The curse against Republicans who hike taxes has struck again, this time in Oregon’s fifth congressional district, where State Sen. Jackie Winters lost her Republican primary bid to attorney Jim Zupancic. Zupancic scored a decisive victory, 57 to 43 percent, over Winters in the May 18 primary.
According to reporters Steve Law and Peter Wong at the Salem Statesman Journal, “It’s the taxes, stupid. Oregon voters pummeled any candidate or proposal associated with higher taxes. State Sen. Jackie Winters and Rep. Vic Backlund (R-Keizer) were punished for supporting a budget-balancing tax increase in 2003 that was trounced by voters when placed on the Feb. 3 ballot as Measure 30.”
Measure 30 was an up-or-down vote by the citizens of Oregon on the legislated tax hike. Oregonians firmly rejected the higher taxes. (See “Oregon Voters Soundly Reject Tax Hike,” Budget & Tax News, March 2004.) Winters was one of few Republican legislators who voted with Democrat Governor Ted Kulongoski to raise taxes in 2003.
“Tax and spend politicians in Oregon, regardless of political affiliation, are slowly learning their lessons,” said Rob Jordan, a spokesperson for Citizens for a Sound Economy (CSE). “When the results of the Oregon primary election came in, the impact of these efforts was readily apparent. Every candidate that supported CSE and our issue agenda won.”
According to the Statesman Journal, Zupancic, a former Lake Oswego School Board member, “hammered Winters” for supporting the tax package voters rejected in Measure 30.
“I think we had a very clear message,” a jubilant Zupancic said after his victory. “I think Measure 30 helped frame a very critical issue, and that was the size of government and taxes.”
“Jim Zupancic ran some real negative ads on Jackie, calling her a liberal–the dreaded L word–and that’s had an effect,” said David Buchanan, a Salem resident and coauthor of the Almanac of Oregon Politics.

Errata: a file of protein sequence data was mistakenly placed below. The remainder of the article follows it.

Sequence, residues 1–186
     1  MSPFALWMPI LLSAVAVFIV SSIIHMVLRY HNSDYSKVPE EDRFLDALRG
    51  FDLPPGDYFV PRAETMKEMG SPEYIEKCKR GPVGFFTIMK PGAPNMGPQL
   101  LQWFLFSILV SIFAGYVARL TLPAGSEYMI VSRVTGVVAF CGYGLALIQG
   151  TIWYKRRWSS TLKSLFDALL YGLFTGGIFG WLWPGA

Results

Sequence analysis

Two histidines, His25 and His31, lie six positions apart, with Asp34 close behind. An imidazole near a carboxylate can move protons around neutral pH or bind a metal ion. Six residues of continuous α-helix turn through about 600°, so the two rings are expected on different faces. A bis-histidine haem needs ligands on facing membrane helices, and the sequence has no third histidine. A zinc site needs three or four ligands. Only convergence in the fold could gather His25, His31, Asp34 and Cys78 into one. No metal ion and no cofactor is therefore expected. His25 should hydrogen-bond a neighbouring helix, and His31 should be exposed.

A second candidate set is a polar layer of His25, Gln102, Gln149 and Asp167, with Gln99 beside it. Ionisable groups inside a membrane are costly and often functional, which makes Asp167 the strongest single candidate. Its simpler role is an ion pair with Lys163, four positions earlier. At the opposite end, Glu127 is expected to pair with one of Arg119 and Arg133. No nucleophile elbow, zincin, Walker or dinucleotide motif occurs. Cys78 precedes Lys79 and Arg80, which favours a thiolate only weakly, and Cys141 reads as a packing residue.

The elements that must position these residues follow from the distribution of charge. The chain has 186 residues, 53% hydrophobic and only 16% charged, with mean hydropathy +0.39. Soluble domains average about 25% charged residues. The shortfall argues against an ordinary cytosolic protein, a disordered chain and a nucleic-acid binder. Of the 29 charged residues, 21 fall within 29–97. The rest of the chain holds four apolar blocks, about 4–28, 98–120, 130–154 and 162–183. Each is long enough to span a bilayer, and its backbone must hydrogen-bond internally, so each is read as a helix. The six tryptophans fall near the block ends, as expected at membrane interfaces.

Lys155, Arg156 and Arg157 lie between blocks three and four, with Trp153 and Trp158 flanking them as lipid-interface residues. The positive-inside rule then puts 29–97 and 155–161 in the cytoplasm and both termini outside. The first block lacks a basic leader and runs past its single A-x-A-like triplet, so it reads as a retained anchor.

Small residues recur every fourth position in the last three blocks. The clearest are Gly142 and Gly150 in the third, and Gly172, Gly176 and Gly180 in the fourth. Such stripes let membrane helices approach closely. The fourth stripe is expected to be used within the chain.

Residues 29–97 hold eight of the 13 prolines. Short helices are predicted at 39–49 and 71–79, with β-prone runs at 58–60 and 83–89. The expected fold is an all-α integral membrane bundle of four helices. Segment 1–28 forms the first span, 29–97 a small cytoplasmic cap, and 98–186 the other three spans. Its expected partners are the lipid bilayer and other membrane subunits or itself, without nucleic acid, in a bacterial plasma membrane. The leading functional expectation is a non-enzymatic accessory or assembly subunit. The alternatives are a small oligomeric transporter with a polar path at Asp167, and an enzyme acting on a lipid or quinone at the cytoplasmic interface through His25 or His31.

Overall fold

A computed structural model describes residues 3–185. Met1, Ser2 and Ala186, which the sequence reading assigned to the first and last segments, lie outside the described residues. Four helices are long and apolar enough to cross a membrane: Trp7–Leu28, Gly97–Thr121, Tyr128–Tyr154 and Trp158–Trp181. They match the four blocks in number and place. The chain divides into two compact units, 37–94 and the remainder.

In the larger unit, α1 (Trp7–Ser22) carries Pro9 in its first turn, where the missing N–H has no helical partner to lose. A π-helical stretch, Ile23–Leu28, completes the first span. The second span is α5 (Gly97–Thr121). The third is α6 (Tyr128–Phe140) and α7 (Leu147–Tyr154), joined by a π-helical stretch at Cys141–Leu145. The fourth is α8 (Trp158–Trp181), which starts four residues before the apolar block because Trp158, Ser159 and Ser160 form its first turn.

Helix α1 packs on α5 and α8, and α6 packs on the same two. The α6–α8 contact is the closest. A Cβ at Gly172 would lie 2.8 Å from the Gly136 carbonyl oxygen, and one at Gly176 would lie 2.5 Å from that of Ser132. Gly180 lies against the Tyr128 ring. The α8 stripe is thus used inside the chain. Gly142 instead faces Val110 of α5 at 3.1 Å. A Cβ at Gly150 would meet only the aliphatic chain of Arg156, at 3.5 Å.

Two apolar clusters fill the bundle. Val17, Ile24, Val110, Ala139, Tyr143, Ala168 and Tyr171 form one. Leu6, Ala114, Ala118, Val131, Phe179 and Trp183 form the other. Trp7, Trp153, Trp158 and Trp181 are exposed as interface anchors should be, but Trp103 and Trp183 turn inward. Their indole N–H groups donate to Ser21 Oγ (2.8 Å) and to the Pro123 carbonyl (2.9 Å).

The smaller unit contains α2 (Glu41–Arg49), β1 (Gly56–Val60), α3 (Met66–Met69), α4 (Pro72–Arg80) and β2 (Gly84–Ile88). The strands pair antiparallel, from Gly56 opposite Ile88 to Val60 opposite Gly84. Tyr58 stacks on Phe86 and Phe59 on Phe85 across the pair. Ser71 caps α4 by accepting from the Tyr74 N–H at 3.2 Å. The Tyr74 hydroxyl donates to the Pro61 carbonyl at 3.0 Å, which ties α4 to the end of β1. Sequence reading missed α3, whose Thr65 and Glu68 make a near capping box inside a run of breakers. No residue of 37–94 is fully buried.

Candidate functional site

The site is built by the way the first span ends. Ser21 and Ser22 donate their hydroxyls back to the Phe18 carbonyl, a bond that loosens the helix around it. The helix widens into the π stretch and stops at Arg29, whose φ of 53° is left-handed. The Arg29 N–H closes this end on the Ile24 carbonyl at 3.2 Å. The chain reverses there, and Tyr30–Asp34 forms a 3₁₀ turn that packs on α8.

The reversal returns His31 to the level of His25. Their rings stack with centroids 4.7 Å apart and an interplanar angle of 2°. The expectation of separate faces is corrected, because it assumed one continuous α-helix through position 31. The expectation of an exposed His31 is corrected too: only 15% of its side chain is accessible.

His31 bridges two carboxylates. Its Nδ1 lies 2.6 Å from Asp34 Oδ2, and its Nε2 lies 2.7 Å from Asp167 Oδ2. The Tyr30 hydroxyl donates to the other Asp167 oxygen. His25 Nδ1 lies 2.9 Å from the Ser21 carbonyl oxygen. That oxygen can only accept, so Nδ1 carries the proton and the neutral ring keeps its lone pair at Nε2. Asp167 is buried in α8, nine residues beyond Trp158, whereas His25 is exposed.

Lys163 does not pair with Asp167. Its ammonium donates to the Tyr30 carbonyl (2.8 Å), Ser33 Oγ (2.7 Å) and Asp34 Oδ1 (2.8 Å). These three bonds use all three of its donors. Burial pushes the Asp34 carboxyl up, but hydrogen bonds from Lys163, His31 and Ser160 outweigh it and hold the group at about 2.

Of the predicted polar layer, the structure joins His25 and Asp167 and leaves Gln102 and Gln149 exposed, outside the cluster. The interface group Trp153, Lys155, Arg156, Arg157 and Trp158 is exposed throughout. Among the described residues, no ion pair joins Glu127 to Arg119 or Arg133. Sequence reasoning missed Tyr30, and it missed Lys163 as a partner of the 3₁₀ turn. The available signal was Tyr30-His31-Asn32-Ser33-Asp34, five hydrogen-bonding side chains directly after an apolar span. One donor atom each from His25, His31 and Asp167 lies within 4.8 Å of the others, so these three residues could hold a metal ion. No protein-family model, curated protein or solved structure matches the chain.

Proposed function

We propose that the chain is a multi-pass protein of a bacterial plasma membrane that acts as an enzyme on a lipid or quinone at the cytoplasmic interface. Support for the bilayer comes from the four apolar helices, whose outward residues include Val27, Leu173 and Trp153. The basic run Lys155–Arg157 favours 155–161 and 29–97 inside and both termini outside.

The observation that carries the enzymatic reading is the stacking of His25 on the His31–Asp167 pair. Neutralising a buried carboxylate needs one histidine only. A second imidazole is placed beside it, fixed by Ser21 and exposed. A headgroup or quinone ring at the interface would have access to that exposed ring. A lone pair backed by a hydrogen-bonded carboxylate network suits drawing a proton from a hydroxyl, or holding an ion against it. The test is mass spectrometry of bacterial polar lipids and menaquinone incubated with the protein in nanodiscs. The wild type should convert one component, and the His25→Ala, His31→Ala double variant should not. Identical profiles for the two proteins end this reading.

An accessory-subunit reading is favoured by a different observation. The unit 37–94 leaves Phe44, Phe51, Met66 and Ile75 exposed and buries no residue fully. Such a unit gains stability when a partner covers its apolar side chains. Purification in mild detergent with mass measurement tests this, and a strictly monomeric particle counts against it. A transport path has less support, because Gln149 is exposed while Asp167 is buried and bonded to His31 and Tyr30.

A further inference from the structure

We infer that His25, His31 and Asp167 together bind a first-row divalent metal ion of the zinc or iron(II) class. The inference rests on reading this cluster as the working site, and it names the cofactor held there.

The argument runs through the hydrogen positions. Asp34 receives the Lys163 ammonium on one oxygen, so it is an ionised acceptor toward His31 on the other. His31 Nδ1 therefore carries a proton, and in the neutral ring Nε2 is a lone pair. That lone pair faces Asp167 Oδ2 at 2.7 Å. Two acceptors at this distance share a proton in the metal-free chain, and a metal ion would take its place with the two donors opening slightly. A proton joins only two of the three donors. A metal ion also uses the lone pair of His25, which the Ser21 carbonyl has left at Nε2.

Not Only in Oregon
Winters’ loss comes on the heels of a Republican primary in Nebraska’s first congressional district, where the speaker of the state legislature, Curt Bromm, refused to pledge against tax hikes and lost. Bromm, who had received the endorsement of outgoing Rep. Doug Bereuter (R), was heavily favored to win.
“Republicans who vote to raise taxes have pointed a 12 gauge shotgun at the heads of their careers and pulled the trigger,” said taxpayer advocate Grover Norquist, who heads Americans for Tax Reform (ATR) in Washington, DC. “Republicans even thinking about raising taxes should look at how Sen. Jackie Winters and Speaker Bromm in Nebraska have destroyed their political futures.”
Many states faced what policymakers referred to as “budget shortfalls” in 2001-2003, pressuring legislative bodies to raise taxes. The political fallout of doing so, especially for Republicans, is palpable.
Republican governors who presided over tax increases–most notably Nevada’s Kenny Guinn and Alabama’s Bob Riley–are not expected to run for higher office. But those who addressed their budget shortfalls without tax increases are widely speculated to be in the running for President in 2008. Govs. Bill Owens (Colorado), Jeb Bush (Florida), Mitt Romney (Massachusetts), Rick Perry (Texas), Tim Pawlenty (Minnesota), and Craig Benson (New Hampshire) are all thought to have ambitions for higher office.
“The fastest way to end a Republican’s career is to vote for a tax hike,” said Norquist. “And redemption in this business doesn’t come easy.”
Russ Walker of Oregon CSE commented, “The trend is encouraging, but there is much work to be done. Tax and spend politicians need to get the message we don’t need you in Salem.”
The Oregon primary sets up a Fall race between Zupancic and four-term congressional incumbent Darlene Hooley (D-West Linn). “I think it’ll be an interesting race and contrast,” Hooley said from her Washington, DC apartment. “I think it’ll be a bigger contrast with Mr. Zupancic” than with Winters.
Jonathan Collegio is communications director for Americans for Tax Reform. His email address is email@example.com.